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Use SQL Server Triggers to Track Unauthorized Database Changes  : Page 3

SQL Server can do all the work of tracking database modifications by responding to changes with predefined tasks.


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The Advantages of INSTEAD OF Triggers
You can write a trigger for a view, but if the view is updateable it isn't necessary. Triggers on the underlying table fire automatically. (Of course, you may have your own reasons why you want triggers on such views.) Of all the advantages INSTEAD OF triggers offer, the main one is that they allow views that would normally not be updateable to support updates. A view that involves multiple tables must use an INSTEAD OF trigger to support inserts, updates, and deletes that reference data in more than one table. For example, you can write an INSTEAD OF trigger that inserts rows in multiple tables from a single view.

Another important advantage to INSTEAD OF triggers is that they allow you to write logic that accepts parts of a batch while rejecting other parts. Finally, INSTEAD OF triggers allow you to take some alternative action in the event of some particular condition that the application defines as an error.

Our example INSTEAD OF trigger assumes the following requirements:

  1. You want to inhibit physical deletes in the Products table.
  2. You want to emulate delete actions by adding an IsDeleted column to the Products table and then intercepting DELETE actions. In lieu of actually performing the delete, you want to change the value of that record's corresponding IsDeleted value to True (1). You'll have to add a new column to Products to accommodate this trigger's goal. (If you're actually working with the Products table, you should work with a copy of the table instead of the original table.)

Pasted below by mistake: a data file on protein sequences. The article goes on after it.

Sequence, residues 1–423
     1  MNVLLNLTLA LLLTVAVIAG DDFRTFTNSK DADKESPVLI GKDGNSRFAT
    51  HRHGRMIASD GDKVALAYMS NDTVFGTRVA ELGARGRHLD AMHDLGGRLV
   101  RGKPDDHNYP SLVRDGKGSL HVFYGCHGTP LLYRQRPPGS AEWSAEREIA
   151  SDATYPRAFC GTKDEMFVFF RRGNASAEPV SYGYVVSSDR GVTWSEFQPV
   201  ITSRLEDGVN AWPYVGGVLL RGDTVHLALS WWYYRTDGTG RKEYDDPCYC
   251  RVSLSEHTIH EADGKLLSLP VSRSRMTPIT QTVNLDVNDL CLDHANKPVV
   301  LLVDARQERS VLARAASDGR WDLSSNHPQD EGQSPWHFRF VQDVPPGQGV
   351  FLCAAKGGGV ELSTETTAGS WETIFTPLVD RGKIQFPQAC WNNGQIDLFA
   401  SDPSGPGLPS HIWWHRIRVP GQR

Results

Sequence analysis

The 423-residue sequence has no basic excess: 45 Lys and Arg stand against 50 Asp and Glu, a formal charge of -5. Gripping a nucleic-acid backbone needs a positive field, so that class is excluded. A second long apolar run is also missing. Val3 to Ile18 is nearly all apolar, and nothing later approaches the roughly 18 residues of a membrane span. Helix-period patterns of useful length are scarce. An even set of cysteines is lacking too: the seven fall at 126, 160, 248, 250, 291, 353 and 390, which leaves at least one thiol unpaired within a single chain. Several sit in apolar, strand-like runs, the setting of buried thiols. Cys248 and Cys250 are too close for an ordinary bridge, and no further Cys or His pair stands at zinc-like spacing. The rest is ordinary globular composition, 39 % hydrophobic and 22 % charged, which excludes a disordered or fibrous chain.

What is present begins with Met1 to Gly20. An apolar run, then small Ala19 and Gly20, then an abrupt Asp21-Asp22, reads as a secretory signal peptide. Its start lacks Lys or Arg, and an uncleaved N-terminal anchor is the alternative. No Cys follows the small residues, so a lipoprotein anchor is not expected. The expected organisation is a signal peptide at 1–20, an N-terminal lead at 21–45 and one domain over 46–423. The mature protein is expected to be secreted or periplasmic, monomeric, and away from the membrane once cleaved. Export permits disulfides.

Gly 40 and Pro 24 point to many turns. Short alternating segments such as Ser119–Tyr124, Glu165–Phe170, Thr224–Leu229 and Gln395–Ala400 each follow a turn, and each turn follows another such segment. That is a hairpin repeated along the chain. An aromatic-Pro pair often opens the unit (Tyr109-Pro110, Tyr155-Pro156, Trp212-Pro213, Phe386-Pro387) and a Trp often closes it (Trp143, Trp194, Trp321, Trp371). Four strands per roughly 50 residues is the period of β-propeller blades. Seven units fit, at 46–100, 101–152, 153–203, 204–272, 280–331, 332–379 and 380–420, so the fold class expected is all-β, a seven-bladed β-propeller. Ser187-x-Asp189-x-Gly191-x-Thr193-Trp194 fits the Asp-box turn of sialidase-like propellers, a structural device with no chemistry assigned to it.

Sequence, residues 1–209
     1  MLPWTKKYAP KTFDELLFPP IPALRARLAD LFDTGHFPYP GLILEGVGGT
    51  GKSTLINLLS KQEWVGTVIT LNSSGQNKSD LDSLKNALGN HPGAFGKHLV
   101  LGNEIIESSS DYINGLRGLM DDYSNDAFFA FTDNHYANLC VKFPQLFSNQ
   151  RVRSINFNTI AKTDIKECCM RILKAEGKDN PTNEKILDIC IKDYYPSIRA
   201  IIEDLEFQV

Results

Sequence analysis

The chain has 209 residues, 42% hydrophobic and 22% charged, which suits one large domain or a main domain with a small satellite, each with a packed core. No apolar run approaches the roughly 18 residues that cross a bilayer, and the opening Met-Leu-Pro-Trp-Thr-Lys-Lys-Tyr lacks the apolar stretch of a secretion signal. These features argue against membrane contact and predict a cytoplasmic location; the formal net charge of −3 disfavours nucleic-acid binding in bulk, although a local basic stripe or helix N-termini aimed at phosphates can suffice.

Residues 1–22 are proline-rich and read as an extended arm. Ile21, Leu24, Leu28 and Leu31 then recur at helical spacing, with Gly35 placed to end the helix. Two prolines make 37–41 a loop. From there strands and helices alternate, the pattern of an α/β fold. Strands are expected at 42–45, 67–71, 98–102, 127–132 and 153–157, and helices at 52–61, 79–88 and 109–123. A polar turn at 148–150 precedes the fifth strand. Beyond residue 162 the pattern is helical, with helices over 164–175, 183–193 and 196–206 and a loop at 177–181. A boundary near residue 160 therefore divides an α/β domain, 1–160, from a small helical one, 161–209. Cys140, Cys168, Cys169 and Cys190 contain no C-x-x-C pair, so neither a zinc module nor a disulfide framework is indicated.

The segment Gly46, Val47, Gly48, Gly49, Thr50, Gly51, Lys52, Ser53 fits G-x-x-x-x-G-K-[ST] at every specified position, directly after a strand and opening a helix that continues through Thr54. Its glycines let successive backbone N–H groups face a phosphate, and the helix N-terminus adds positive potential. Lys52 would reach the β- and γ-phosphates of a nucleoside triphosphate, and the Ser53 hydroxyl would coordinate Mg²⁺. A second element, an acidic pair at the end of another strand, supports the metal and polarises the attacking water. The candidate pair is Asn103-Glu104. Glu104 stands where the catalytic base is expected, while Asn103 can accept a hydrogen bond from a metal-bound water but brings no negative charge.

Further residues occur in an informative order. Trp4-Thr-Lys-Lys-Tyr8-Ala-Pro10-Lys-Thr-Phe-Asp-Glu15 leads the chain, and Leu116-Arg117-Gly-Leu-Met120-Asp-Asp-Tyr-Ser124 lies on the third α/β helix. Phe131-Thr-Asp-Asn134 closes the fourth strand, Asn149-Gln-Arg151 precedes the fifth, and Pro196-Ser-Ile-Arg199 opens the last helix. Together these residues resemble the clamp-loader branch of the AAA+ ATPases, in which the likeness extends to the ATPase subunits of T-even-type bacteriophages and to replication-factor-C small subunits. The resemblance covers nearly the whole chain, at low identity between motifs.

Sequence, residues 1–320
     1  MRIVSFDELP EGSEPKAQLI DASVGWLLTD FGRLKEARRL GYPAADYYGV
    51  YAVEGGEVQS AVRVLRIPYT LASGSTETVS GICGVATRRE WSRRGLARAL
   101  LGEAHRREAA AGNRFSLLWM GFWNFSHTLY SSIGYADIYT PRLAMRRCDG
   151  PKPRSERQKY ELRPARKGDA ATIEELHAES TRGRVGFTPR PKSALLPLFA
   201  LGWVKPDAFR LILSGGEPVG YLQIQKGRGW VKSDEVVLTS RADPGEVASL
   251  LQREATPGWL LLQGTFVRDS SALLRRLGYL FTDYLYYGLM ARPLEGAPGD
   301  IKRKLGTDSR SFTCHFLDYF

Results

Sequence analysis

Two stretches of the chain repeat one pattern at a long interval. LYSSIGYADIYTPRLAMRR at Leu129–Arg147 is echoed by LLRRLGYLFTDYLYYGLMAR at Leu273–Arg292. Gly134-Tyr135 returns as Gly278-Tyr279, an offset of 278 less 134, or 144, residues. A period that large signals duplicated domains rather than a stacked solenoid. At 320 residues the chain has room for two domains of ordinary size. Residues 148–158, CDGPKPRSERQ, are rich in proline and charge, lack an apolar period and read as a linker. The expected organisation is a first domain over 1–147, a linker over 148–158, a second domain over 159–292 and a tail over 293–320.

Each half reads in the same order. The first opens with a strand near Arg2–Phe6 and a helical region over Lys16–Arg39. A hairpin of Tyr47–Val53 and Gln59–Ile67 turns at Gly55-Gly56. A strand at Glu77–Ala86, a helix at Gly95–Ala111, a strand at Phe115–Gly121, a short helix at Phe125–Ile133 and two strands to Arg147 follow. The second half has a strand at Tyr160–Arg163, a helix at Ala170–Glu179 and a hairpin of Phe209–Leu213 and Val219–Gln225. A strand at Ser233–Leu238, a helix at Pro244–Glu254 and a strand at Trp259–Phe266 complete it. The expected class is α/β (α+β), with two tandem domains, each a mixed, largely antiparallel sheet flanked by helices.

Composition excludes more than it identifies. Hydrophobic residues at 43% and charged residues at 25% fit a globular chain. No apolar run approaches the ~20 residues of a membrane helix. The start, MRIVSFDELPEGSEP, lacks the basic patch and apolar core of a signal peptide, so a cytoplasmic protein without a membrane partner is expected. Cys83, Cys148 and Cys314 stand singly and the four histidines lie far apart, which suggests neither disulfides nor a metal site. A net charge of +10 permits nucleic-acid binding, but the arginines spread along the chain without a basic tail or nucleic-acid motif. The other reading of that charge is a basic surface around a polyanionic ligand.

3. To support this implementation, you would of course need some views or stored procedures that screen out the "deleted" rows. Using Northwind's Products table, you might use a view that resembles one of the following:


    CREATE VIEW vNormalRows AS SELECT * FROM Products WHERE IsDeleted IS NULL

    Similarly, you could create a view that exposes only the deleted rows:

    CREATE VIEW vDeletedRows AS SELECT * FROM Products WHERE IsDeleted = 1

Any forms your front end uses should be based on one of these views. In short, you've enabled a pseudo undelete command. When the user deletes a row, the trigger changes the value of that record's IsDeleted value to 1, INSTEAD OF actually deleting the row. In addition, the trigger also documents the DELETE attempt in the AuditTrail table.

To try this trigger yourself, modify the Products table in the Northwind database by adding a nullable bit column named IsDeleted. Then, using the instructions given earlier, add the INSTEAD OF trigger in Listing 2.

Listing 2: Delete Trigger CREATE Trigger AuditDeleteInstead ON dbo.Products INSTEAD OF DELETE AS UPDATE Products SET IsDeleted = 1 WHERE AuditTrailID = (SELECT AuditTrailID FROM Deleted) INSERT INTO AuditTrail(TableName, ActionTaken, ActionUser, ActionDate) VALUES ('Products','D', User_Name(),GetDate())

For Access Users
If you're working in an Access project (an .adp file), open the Products table, select any row(s), and then press Deleted. The row seems to disappear. Refresh the display by pressing F9 and the row magically reappears, but now the value of IsDeleted is True (see Figure 4). The INSTEAD OF trigger ignores the original DELETE request, marks the IsDeleted column, and then documents the action in the AuditTrail table.

Figure 4: The INSTEAD OF Trigger


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